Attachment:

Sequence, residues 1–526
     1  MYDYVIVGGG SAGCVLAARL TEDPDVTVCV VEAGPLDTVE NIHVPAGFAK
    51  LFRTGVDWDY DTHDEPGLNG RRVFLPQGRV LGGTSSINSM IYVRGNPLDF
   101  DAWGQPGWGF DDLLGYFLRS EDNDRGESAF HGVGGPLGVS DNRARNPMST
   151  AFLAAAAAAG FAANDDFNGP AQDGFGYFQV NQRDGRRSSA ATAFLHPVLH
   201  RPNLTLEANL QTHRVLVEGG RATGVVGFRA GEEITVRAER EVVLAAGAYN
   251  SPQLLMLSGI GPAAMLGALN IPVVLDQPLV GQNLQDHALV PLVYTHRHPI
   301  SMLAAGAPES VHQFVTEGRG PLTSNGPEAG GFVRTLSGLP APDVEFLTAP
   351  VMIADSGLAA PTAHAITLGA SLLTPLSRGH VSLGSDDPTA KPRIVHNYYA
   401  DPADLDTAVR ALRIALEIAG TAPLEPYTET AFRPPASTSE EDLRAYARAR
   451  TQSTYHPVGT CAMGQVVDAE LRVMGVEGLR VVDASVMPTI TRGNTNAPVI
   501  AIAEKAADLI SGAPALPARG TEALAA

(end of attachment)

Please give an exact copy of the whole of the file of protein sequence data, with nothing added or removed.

Sequence, residues 1–526
     1  MYDYVIVGGG SAGCVLAARL TEDPDVTVCV VEAGPLDTVE NIHVPAGFAK
    51  LFRTGVDWDY DTHDEPGLNG RRVFLPQGRV LGGTSSINSM IYVRGNPLDF
   101  DAWGQPGWGF DDLLGYFLRS EDNDRGESAF HGVGGPLGVS DNRARNPMST
   151  AFLAAAAAAG FAANDDFNGP AQDGFGYFQV NQRDGRRSSA ATAFLHPVLH
   201  RPNLTLEANL QTHRVLVEGG RATGVVGFRA GEEITVRAER EVVLAAGAYN
   251  SPQLLMLSGI GPAAMLGALN IPVVLDQPLV GQNLQDHALV PLVYTHRHPI
   301  SMLAAGAPES VHQFVTEGRG PLTSNGPEAG GFVRTLSGLP APDVEFLTAP
   351  VMIADSGLAA PTAHAITLGA SLLTPLSRGH VSLGSDDPTA KPRIVHNYYA
   401  DPADLDTAVR ALRIALEIAG TAPLEPYTET AFRPPASTSE EDLRAYARAR
   451  TQSTYHPVGT CAMGQVVDAE LRVMGVEGLR VVDASVMPTI TRGNTNAPVI
   501  AIAEKAADLI SGAPALPARG TEALAA